But Reagan is not the whole story. His career is one piece in a larger puzzle that took off in 1944, when Austrian-British economist Friedrich Hayek published The Road to Serfdom. That work posits that if you compromise economic freedom by allowing the government to become involved in economics—even to address an obvious ill like workplace injuries—you risk compromising political freedoms. In fact, you risk ending up in a dictatorship.
Hayek’s book became the foundational text of modern neoliberalism. An abridged version was featured in Reader’s Digest. A comic book edition was published and distributed at factories and schools. And Hayek himself was imported by a group of wealthy businessmen to take a chair at the University of Chicago.
They also hired a group of other right-wing intellectuals to help build a free-market program there. One was Milton Friedman. Another was Friedman’s brother-in-law, Aaron Director. And George Stigler, who published an edited version of The Wealth of Nations, which omits Adam Smith’s caveats about how you do need government, taxation, and regulation. That becomes the version that was used in a lot of schools around America to teach Adam Smith.
There was a lot of misrepresentation involved in selling these ideas.
CD: How did the market fundamentalists engage with the mass media?
NO: One thing they did was influence Hollywood and eventually television. Specifically, they encouraged producers to reject scripts that didn’t celebrate the glories of capitalism.
In the 1930s and early 1940s, many films were critical of big business, particularly banks. It’s a Wonderful Life is about corrupt banks and Jimmy Stewart standing up to corrupt local businessmen. The 1940 adaption of John Steinbeck’s Grapes of Wrath placed the blame for the dislocation of a millions of Americans during the Depression squarely on the shoulders of the 1 percent.
A few years after its release, Hollywood was censoring scripts like that one. In a talk to screenwriters in 1946, the president of the Motion Picture Association and former president of the Chamber of Commerce declared, “We’ll have no more Grapes of Wrath.”
Ayn Rand is also part of this story. Her work was promoted in Hollywood through a network of people who were also promoting the early work of Milton Friedman and George Stigler. An irony: While she was writing books promoting radical individualism, she was also writing censorship codes for Hollywood films.
CD: You have a whole chapter about Little House on the Prairie. Why?
NO: Because it’s emblematic of the kind of stories that were developed and promoted by the fundamentalists. Laura Ingalls Wilder’s publisher promoted the book series as the true life of a young girl growing up on the frontier. Actually, the stories weren’t written by Laura but rather by her daughter, Rose Wilder Lane, a friend of Herbert Hoover and right-wing oil executive Howard Pew. Laura made rough notes and Rose crafted them into libertarian parables where this hard-working, successful family made it by their bootstraps.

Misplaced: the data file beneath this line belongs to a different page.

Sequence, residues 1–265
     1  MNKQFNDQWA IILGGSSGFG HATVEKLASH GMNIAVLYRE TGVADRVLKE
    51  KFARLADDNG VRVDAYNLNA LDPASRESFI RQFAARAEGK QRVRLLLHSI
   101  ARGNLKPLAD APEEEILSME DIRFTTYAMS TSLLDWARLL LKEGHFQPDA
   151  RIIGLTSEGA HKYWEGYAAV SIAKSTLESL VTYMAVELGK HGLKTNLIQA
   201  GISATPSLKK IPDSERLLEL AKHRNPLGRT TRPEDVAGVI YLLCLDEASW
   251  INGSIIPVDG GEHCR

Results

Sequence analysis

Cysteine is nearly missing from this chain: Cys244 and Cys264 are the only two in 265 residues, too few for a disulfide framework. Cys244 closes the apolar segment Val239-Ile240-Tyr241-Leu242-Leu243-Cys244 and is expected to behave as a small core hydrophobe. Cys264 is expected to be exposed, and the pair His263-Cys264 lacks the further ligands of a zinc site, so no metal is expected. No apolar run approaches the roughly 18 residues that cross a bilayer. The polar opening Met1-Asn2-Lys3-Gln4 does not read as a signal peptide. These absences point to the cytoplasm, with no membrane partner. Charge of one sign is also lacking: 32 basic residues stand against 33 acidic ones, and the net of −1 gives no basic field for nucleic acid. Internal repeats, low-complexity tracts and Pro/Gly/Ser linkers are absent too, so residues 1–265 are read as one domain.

But it wasn’t. The Wilder family had multiple failures. The truth is a sad story about a family repeatedly trying to make a go of it and repeatedly coming up against one difficulty after another. And what they did achieve would have been impossible without the Homestead Act, which was of course a government function, not to mention the federal government clearing Indigenous people off land that was given to white settlers.
CD: Is there a unifying theme to your books?
NO: Most of my work on the history of science has been animated by the questions, “How do scientists know what they know, and how do they have enough evidence to say that something is true?”
Since writing Merchants of Doubt, my interests have expanded beyond science to truth more broadly. How do we separate facts from fiction? How do we recognize propaganda? And how do we resist propaganda when we are the targets of it? That’s part of this book.
I am also interested in individual versus collective choice. Ayn Rand was right about one thing: We all make choices in life, and they are highly consequential. She was utterly wrong to think that people do or should make those choices without regard to others. I’m interested in how people rationalize choices like climate change denial or selling deadly products like tobacco when you know that it can and likely will kill.
CD: The Big Myth is likely to encounter a lot of resistance.
NO: I expect that. This idea that we should put all our faith in markets—it’s been the dominant ideology of American life for the last 50 years or more. And not just among Republicans. I had a moment of truth at an event at Harvard. I was on a panel on climate change with very prominent people, including several who’d served in the Obama administration. Every one of them—except for me—was talking about “markets” this, “markets” that. Afterwards a student said to me, “Oh my God… ‘markets, markets, markets!’”
And I thought, “We have been so saturated by the ideology of the market that we can’t even envision alternatives.” That’s when I knew I had to take this on.